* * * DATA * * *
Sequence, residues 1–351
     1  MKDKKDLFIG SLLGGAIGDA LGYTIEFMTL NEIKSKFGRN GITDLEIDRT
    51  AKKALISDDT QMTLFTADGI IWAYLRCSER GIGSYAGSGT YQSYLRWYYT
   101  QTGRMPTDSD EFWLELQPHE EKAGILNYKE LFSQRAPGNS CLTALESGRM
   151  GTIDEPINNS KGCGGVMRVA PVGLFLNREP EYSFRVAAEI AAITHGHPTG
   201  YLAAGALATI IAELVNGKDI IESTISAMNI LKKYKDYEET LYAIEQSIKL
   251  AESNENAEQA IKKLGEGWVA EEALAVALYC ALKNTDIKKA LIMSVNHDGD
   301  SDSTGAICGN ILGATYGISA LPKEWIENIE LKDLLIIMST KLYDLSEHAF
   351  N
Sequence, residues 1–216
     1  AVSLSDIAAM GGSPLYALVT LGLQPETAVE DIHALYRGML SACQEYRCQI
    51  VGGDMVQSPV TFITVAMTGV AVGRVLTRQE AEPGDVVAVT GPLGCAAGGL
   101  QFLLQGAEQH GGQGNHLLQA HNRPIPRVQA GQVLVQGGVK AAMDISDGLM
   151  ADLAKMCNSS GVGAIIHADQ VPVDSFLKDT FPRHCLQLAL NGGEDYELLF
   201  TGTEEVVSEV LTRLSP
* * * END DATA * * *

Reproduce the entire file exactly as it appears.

Sequence, residues 1–351
     1  MKDKKDLFIG SLLGGAIGDA LGYTIEFMTL NEIKSKFGRN GITDLEIDRT
    51  AKKALISDDT QMTLFTADGI IWAYLRCSER GIGSYAGSGT YQSYLRWYYT
   101  QTGRMPTDSD EFWLELQPHE EKAGILNYKE LFSQRAPGNS CLTALESGRM
   151  GTIDEPINNS KGCGGVMRVA PVGLFLNREP EYSFRVAAEI AAITHGHPTG
   201  YLAAGALATI IAELVNGKDI IESTISAMNI LKKYKDYEET LYAIEQSIKL
   251  AESNENAEQA IKKLGEGWVA EEALAVALYC ALKNTDIKKA LIMSVNHDGD
   301  SDSTGAICGN ILGATYGISA LPKEWIENIE LKDLLIIMST KLYDLSEHAF
   351  N
Sequence, residues 1–216
     1  AVSLSDIAAM GGSPLYALVT LGLQPETAVE DIHALYRGML SACQEYRCQI
    51  VGGDMVQSPV TFITVAMTGV AVGRVLTRQE AEPGDVVAVT GPLGCAAGGL
   101  QFLLQGAEQH GGQGNHLLQA HNRPIPRVQA GQVLVQGGVK AAMDISDGLM
   151  ADLAKMCNSS GVGAIIHADQ VPVDSFLKDT FPRHCLQLAL NGGEDYELLF
   201  TGTEEVVSEV LTRLSP